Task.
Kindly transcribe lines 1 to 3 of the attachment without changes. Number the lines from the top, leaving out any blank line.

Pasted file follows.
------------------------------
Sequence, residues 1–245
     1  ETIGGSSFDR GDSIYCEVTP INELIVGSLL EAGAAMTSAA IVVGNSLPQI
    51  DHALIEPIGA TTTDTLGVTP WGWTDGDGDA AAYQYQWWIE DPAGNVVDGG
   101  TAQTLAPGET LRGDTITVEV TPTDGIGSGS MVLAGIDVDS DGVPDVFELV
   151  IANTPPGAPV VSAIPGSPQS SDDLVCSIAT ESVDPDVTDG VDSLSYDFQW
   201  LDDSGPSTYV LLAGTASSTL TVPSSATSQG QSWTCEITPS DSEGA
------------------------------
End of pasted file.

Sequence, residues 1–245
     1  ETIGGSSFDR GDSIYCEVTP INELIVGSLL EAGAAMTSAA IVVGNSLPQI
    51  DHALIEPIGA TTTDTLGVTP WGWTDGDGDA AAYQYQWWIE DPAGNVVDGG